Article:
Sunday’s awards telecast drew 18.7 million viewers, compared with 13.8 million last year. The awards show was the top program Sept. 18 in total viewers, adults 18 to 49 and adults 25 to 54 (7.3). This year’s ratings rebound, however, was not enough to improve over the telecast’s 2003 performance on Fox, when the show delivered a 7.1 rating in adults 18 to 49.

Wins for first-year shows “Lost,” “Boston Legal” and “Desperate Housewives” helped propel ABC to a total of six Emmy wins (for a total of 16, including previously awarded trophies), the most of any broadcast network. But still-dominant HBO, with 27 awards, including seven it took home Sunday, was the biggest winner among all networks. CBS, which aired this year’s ceremony, was third among the networks, with 11 Emmys (winning five Sunday). Academy voters gave special recognition to the ninth and final season of CBS’s “Everybody Loves Raymond,” which in addition to receiving the comedy series Emmy earned awards for supporting actor in a comedy series (Brad Garrett) and supporting actress in a comedy series (Doris Roberts).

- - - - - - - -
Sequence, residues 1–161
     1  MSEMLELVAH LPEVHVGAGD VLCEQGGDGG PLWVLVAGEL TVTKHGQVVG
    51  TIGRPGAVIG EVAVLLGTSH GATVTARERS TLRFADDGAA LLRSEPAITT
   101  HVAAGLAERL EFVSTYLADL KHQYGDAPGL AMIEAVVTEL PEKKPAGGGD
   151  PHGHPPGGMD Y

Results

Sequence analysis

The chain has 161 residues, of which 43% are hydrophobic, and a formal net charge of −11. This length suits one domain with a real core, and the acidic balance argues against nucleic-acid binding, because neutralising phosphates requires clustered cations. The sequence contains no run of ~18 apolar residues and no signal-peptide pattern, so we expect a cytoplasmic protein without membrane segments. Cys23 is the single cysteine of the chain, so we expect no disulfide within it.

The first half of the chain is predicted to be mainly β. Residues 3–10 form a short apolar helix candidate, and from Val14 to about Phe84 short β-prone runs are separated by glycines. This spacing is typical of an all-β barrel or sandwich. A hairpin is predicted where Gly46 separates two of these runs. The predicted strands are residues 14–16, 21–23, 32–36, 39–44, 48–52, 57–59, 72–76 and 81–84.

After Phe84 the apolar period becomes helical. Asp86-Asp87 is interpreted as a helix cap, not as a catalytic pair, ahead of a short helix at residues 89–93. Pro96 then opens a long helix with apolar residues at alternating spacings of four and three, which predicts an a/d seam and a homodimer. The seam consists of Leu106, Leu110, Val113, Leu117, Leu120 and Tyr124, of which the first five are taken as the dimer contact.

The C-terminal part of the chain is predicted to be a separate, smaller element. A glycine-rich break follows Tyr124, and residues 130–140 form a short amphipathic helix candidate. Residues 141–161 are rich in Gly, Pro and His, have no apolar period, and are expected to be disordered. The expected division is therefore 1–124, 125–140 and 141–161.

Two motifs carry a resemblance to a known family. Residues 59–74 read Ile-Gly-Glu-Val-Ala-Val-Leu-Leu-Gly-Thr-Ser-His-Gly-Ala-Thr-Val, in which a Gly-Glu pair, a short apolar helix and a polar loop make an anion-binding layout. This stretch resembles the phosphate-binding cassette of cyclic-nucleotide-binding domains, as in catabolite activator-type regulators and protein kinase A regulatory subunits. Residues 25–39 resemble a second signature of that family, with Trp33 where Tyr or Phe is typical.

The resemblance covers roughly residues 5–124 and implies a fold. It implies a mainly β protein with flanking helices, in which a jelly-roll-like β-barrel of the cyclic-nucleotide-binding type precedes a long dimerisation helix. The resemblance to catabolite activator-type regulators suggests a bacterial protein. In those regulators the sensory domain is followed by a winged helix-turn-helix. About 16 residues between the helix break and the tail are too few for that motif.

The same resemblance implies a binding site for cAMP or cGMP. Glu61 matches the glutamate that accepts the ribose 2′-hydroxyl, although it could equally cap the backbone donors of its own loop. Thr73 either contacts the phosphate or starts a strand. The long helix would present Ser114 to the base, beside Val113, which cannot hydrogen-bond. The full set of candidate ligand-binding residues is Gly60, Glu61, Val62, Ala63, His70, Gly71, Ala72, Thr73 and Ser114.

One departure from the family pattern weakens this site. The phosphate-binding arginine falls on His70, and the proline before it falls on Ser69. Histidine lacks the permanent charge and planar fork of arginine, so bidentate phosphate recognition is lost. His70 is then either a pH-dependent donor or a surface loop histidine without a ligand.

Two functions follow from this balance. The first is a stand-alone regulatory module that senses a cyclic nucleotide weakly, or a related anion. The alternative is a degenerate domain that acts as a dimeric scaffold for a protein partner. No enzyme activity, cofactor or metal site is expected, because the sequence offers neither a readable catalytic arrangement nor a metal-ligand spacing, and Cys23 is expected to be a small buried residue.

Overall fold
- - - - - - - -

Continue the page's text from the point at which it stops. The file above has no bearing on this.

Speaking to reporters backstage after her win, Ms. Roberts spoke out against ageism in show business, a subject she has testified on before Congress.

“Nowhere in a magazine is there a picture of a woman over 40,” she said.

In the acting categories in drama series, all four winners won for their work on first-year shows.

Patricia Arquette won for outstanding lead actress on NBC’s “Medium,” while the night’s nominee in three categories, Blythe Danner, won for outstanding supporting actress on Showtime’s “Huff.” (Ms. Danner’s win was Showtime’s first win in a series category.) James Spader won the lead actor in a drama series Emmy and William Shatner won for supporting actor, both for their work playing morally challenged attorneys on ABC’s “Boston Legal,” a spinoff of the now-canceled ABC series “The Practice.” Last year Mr. Shatner and Mr. Spader won Emmys for playing the same roles on “The Practice.”

Freshman shows also won in the drama series directing and writing categories. JJ Abrams took a trophy for outstanding directing for the pilot of ABC’s “Lost,” and David Shore won for outstanding writing for the pilot of Fox’s “House.”

During his acceptance speech Mr. Shore thanked his lead, Hugh Laurie, for making him “look like a better writer than I am.” Mr. Shore also thanked “all the people who have made me miserable and cynical and angry” who inspired the character Dr. House. “You know who you are,” he added.